Motion Compatibility for Indoor Localization

Unknown author (2014-08-26)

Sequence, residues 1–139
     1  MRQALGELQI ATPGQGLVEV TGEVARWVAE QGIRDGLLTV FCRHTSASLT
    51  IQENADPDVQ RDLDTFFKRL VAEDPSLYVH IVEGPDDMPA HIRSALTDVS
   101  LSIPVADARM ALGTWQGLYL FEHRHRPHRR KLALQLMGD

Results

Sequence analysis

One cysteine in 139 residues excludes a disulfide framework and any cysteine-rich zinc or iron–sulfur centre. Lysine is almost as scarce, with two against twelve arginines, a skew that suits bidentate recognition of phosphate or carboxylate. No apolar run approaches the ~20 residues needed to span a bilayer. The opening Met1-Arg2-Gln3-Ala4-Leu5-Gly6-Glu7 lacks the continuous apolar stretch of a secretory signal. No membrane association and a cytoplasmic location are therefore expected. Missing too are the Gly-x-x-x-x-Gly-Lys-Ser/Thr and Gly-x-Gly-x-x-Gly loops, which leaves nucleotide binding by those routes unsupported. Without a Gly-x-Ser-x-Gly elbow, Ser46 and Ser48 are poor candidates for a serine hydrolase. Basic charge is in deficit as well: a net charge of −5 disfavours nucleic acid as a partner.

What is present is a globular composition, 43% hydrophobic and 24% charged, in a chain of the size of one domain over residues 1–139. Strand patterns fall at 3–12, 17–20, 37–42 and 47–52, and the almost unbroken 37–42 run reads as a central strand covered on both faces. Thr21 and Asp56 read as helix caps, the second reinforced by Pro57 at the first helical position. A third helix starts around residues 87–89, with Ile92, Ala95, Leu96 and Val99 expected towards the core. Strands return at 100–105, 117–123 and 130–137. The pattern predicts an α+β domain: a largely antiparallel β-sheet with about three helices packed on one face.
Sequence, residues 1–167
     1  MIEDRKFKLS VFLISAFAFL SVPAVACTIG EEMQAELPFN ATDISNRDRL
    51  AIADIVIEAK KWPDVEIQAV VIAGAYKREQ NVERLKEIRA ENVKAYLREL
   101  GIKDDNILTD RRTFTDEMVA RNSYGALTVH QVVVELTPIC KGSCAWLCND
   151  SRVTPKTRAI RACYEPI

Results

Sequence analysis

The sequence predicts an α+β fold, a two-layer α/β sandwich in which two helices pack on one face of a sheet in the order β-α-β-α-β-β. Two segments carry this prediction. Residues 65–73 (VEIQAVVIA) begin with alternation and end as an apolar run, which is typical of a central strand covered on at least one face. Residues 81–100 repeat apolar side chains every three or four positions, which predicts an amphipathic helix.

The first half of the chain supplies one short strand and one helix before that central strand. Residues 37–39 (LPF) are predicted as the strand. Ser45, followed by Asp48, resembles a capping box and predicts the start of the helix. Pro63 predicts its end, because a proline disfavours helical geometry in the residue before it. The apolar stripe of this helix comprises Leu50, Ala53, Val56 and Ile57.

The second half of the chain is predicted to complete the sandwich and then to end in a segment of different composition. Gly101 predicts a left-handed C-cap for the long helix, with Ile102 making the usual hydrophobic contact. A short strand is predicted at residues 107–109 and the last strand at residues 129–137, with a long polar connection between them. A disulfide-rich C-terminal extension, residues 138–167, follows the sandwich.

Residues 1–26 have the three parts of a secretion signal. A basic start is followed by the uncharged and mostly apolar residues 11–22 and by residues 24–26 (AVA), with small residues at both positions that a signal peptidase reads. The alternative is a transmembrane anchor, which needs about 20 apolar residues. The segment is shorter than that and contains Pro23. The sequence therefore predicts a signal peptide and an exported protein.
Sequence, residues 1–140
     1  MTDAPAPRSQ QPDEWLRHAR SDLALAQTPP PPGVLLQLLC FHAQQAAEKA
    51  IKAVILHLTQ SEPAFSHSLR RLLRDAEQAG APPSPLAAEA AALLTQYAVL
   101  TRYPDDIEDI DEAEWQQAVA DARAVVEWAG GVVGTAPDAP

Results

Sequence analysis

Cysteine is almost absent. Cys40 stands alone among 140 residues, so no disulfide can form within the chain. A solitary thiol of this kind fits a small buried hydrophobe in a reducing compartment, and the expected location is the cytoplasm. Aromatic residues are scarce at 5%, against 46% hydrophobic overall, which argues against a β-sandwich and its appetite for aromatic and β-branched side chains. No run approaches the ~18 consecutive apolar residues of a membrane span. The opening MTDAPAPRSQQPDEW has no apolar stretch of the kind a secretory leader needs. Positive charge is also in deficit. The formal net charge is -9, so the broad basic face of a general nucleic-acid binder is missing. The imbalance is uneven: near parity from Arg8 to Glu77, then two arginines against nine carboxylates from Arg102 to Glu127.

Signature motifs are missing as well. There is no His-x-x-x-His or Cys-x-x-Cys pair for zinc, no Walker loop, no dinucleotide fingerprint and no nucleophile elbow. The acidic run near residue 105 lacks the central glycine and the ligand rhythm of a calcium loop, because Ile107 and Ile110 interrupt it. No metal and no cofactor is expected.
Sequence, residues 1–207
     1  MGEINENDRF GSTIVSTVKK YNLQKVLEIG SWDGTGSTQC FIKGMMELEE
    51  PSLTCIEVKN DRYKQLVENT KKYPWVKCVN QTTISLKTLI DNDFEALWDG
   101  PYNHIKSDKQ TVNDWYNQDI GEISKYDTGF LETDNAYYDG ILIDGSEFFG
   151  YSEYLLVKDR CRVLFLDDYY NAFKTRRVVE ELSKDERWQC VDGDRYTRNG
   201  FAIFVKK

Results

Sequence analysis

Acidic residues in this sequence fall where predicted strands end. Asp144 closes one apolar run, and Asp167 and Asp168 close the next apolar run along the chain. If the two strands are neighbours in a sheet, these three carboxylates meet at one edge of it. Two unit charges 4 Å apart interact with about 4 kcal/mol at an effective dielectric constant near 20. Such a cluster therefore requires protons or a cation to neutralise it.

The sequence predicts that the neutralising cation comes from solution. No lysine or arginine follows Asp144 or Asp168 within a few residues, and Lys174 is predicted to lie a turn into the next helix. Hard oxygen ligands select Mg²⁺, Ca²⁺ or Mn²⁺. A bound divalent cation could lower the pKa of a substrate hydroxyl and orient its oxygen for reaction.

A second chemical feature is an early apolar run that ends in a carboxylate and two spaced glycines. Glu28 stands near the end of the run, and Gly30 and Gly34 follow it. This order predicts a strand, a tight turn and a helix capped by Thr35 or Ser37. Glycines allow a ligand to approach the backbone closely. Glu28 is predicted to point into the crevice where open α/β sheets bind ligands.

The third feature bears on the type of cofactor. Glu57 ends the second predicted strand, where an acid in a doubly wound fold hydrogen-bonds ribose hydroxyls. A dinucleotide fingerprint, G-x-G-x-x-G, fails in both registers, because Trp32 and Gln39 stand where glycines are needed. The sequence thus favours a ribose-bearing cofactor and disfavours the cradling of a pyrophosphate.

Indoor localization -- a device's ability to determine its location within an extended indoor environment -- is a fundamental enabling capability for mobile context-aware applications. Many proposed applications assume localization information from GPS, or from WiFi access points. However, GPS fails indoors and in urban canyons, and current WiFi-based methods require an expensive, and manually intensive, mapping, calibration, and configuration process performed by skilled technicians to bring the system online for end users. We describe a method that estimates indoor location with respect to a prior map consisting of a set of 2D floorplans linked through horizontal and vertical adjacencies. Our main contribution is the notion of "path compatibility," in which the sequential output of a classifier of inertial data producing low-level motion estimates (standing still, walking straight, going upstairs, turning left etc.) is examined for agreement with the prior map. Path compatibility is encoded in an HMM-based matching model, from which the method recovers the user s location trajectory from the low-level motion estimates. To recognize user motions, we present a motion labeling algorithm, extracting fine-grained user motions from sensor data of handheld mobile devices. We propose "feature templates," which allows the motion classifier to learn the optimal window size for a specific combination of a motion and a sensor feature function. We show that, using only proprioceptive data of the quality typically available on a modern smartphone, our motion labeling algorithm classifies user motions with 94.5% accuracy, and our trajectory matching algorithm can recover the user's location to within 5 meters on average after one minute of movements from an unknown starting location. Prior information, such as a known starting floor, further decreases the time required to obtain precise location estimate.